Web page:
The Gooden-Nahome family wanted to create a home on the Pacific Coast of Costa Rica and they found an incredible site overlooking the ocean. The biggest challenge we encountered was that their plot of land was predominantly comprised of a very steep slope, and the view of the ocean could only be seen from the upper-mid portion of the site. We saw this as an opportunity rather than a constraint and immediately considered an architectural response that was appropriate for these site and ocean view conditions. This house is one of the most unique examples of sustainable tropical architecture in existence.
Originally, we explored possibilities of creating large retaining walls and cutting back the soil in order to place the house, a technique typically employed for nearby buildings. Ultimately, we decided to do the exact opposite and therefore allow the slope, the earth, the vegetation, water, and animals to flow underneath the house.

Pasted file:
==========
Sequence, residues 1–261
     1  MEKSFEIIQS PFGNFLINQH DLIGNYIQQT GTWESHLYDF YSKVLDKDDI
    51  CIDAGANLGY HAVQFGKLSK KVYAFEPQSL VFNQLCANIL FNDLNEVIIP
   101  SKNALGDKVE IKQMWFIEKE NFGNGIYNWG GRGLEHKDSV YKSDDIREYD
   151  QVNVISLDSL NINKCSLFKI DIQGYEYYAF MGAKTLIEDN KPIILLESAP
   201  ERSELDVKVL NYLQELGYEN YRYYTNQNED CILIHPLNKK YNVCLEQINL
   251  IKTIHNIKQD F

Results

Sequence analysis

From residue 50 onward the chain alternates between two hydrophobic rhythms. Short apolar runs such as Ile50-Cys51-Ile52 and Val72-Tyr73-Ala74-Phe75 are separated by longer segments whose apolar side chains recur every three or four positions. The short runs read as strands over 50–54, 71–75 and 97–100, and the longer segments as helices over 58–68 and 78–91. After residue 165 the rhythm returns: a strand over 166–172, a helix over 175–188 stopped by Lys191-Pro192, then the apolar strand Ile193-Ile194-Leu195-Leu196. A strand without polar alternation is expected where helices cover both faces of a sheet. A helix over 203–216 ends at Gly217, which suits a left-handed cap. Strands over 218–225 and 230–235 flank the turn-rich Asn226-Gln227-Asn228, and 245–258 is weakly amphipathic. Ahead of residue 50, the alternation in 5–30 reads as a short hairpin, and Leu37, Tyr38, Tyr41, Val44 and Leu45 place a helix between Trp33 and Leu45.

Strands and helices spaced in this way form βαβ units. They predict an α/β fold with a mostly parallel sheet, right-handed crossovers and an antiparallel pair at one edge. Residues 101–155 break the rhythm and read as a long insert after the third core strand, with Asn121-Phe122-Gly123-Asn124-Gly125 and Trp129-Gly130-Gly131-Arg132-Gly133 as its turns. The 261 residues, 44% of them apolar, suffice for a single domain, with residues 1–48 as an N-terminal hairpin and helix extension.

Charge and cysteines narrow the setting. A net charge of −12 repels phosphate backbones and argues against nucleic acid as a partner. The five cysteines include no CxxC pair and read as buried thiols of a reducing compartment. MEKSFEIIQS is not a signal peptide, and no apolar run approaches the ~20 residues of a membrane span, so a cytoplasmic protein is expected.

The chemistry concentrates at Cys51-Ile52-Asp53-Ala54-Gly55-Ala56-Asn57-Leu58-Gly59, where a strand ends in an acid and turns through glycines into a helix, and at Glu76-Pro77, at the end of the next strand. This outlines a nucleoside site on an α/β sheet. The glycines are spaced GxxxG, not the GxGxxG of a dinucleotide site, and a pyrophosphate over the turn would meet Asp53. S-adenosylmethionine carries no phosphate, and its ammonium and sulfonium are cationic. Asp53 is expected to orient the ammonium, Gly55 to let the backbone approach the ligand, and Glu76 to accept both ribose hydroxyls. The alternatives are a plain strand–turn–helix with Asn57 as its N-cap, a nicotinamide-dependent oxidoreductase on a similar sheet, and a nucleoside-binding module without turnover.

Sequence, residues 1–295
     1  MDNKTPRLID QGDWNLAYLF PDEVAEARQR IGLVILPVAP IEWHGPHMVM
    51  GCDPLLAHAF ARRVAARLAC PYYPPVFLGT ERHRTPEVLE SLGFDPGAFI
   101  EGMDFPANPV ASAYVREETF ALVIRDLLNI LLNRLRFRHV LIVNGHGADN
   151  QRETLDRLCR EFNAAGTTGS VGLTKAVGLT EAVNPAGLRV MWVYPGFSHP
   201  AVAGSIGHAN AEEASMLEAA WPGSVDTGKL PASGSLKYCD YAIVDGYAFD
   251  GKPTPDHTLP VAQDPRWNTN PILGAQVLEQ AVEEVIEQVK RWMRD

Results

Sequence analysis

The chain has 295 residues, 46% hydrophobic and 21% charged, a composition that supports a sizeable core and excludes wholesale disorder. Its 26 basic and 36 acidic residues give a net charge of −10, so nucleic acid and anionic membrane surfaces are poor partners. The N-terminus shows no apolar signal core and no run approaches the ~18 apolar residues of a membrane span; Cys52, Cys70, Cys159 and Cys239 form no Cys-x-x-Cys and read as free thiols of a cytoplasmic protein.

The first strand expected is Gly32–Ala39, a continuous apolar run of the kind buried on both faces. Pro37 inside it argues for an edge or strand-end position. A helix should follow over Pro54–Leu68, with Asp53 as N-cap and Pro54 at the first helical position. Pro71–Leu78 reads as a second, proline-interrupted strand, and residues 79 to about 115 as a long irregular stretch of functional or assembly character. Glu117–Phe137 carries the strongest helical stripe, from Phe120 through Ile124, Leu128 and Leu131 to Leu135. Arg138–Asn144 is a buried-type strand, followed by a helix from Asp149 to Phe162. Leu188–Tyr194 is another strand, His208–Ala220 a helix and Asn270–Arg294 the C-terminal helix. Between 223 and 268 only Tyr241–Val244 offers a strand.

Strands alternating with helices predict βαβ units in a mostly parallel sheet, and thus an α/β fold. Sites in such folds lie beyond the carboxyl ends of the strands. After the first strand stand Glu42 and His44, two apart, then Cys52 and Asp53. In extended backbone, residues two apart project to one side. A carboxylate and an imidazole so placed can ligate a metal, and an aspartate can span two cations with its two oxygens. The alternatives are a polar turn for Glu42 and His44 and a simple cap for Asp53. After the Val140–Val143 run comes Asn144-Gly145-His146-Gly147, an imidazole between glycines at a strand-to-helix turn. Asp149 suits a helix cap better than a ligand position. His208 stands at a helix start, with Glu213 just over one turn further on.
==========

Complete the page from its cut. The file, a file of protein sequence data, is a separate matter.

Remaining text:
We essentially lifted the house up into the air on a series of “piloti” which gives the impression that the house is floating above the hillside. By doing this, we saved the immense cost of creating soil retention walls around the site. This common-sense solution allowed us to create a very delicate intervention, one that allows the terrain to breathe whilst providing spectacular views out towards the ocean from the key location on the site. The house was a designed in a modular way in order to allow for ease of construction, movement during heavy earthquakes, and to add, grow, and adapt more “units” through time.
The property is located off a dirt road far away from any material depot. The entrance to the house is from underneath, thus we designed a series of poured in-situ posts where lightweight steel frames of identical dimension, that could be replicated easily and prefabricated at the bottom of the hill, could be brought up manually. The frames where then clad in local reforested teak wood in what could be considered a wonderful combination of prefabrication with local wood craftsmanship.